Butterfly Kisses

By
“You should not touch the butterflies, but if one lands on you, you should consider your self very lucky. It is said that if a butterfly ever lands on you then you should have good luck for the rest of your life.” These were the soft yet strong words that came out of our tour guider's mouth. My second grade class and I were just about to enter the most exciting part of another boring field trip to another boring museum; we were about to enter the butterfly room. I remember looking at that lady with her uniform on and thinking it must just be her job to tell us that. Nothing ever exciting happens to me.

My thoughts were interrupted though as I was swept up into the crowd of anxious second graders and into what seemed like another world, a better world, a magical world, a world full of butterflies. The room was humid and my hideous gold school shirt stuck to me like a second skin, but it felt oddly comfortable. I turned in awe, if I had a long beautiful flowing dress on it would have been a scene straight out of a Disney Princess movie. All around me butterflies danced. Caterpillars slept tightly in their cocoons dreaming of the day they would break free and fly with beauty and grace. The flowers and plants that lined the walls seemed to be singing to me, happiness dripping off of every petal. Even the watermelon that was placed on dishes through out the crowded, but cozy room seemed amazing. Euphoria set in and I was no longer human. I was like a butterfly; I was flying and for once, in what seemed like forever, I was happy. It was just me and the butterflies. No more pain over the death of my beloved Pop- Pop. No more problems. No more worrying. Peace. I felt like I was meant to be here. That from now on I would be a changed person. That doesn't sound like something a second grader would think, but I had been forced to grow up fast and see the evil that lived in the world. There, in that butterfly room though, I also saw the good. I wanted to stay there forever, but of course nothing lasts forever. With that in mind I began to shuffle my sorrowful self out into the lightened darkness of the real world, when I felt the slightest tickle on my arm. I looked down and to my amazement there sat a dazzling butterfly. I had been kissed by a butterfly.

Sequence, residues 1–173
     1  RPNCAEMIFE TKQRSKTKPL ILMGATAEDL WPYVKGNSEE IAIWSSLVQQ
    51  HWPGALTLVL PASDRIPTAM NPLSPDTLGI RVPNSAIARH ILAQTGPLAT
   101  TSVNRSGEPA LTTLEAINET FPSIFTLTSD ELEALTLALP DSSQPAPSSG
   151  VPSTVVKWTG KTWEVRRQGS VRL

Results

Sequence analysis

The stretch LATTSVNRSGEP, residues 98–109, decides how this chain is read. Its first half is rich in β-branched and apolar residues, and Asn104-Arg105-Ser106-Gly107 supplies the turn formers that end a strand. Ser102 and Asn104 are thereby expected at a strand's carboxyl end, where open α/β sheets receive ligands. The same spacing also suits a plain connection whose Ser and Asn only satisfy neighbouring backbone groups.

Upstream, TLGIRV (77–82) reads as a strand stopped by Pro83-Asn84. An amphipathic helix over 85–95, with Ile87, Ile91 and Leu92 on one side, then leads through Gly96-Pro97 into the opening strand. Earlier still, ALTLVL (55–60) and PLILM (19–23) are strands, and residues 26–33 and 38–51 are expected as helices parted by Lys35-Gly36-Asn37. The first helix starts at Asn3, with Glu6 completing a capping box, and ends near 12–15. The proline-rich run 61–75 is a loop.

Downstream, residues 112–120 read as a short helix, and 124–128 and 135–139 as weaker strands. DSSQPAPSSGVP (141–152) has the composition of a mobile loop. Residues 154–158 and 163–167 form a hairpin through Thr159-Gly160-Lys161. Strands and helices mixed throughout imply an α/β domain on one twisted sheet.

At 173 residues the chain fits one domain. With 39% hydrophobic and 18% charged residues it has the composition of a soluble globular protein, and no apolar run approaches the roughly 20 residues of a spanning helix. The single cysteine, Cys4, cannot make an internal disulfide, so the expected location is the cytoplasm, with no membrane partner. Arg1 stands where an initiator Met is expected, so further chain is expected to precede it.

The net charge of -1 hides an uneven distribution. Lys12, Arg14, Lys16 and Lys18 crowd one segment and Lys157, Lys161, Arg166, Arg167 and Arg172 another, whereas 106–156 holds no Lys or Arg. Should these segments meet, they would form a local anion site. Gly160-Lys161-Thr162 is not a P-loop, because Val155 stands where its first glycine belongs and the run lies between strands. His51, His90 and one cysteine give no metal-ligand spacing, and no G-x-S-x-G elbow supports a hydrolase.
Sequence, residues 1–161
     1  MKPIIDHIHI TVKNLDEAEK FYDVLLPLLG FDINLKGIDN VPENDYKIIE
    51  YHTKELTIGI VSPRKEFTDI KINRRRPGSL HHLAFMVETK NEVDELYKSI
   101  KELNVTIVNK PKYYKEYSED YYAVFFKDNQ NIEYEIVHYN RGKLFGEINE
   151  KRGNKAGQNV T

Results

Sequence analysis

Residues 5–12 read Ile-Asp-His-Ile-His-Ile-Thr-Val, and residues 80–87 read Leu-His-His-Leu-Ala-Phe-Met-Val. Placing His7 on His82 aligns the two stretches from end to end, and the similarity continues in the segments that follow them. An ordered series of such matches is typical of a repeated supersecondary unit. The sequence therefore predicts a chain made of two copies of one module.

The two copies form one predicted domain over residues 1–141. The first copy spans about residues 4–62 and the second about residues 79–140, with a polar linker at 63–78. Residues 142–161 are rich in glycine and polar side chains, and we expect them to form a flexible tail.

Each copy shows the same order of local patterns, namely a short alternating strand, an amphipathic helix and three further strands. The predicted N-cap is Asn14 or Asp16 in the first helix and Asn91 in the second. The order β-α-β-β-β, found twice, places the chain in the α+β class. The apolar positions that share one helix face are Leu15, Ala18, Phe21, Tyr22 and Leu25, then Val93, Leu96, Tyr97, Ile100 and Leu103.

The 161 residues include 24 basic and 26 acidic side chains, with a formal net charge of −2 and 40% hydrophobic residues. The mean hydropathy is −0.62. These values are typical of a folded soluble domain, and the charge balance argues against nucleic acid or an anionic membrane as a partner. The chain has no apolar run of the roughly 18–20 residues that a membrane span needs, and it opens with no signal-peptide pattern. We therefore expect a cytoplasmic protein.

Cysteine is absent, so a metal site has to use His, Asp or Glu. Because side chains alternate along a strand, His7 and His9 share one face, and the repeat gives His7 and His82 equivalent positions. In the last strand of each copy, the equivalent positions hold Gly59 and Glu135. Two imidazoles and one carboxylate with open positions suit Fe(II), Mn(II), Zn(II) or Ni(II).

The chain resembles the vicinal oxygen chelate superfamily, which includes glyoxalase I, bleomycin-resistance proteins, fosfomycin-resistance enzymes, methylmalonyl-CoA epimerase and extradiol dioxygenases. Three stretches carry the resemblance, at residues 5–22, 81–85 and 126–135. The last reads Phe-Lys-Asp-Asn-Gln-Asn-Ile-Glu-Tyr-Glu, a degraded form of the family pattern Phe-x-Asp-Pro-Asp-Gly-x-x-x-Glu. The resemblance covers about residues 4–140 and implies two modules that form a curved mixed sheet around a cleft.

Walking out of that butterfly room, I was in a daze. That place had given me a miracle, no matter how small it may have seemed. From then on I thought I was going to have good luck. As time went on, I began to wonder if I was going to win a “ Bumble bee” drawing (a reward system at my elementary school where if we behaved we got a piece of paper and put it into a box. If our name was picked we got a prize) or a basket at a Chinese auction. Of course, these things rarely happened and I started to feel foolish for ever believing that having a butterfly land on me would really bring me good luck. I soon completely dismissed the idea of good luck altogether and put all the thoughts of ever having any in the back of my mind.

Those “Good Luck” thoughts stayed there in the back of my mind until recently when I started thinking about how good I have it. I might not win every prize or every game. I might not be the smartest or the prettiest. I might not have any luck at all in little things like those, but when I look at the big picture, the things that really matter, I might as well be the luckiest girl alive. I have a roof over my head, food in my stomach, and other than the occasional cold, I am in perfect health, but most of all I have exceptionally amazing family and friends. Combined, they have helped place a good head on my shoulders and a loving heart into my soul. They have taught me the true meaning of good luck. The true meaning of butterfly kisses.





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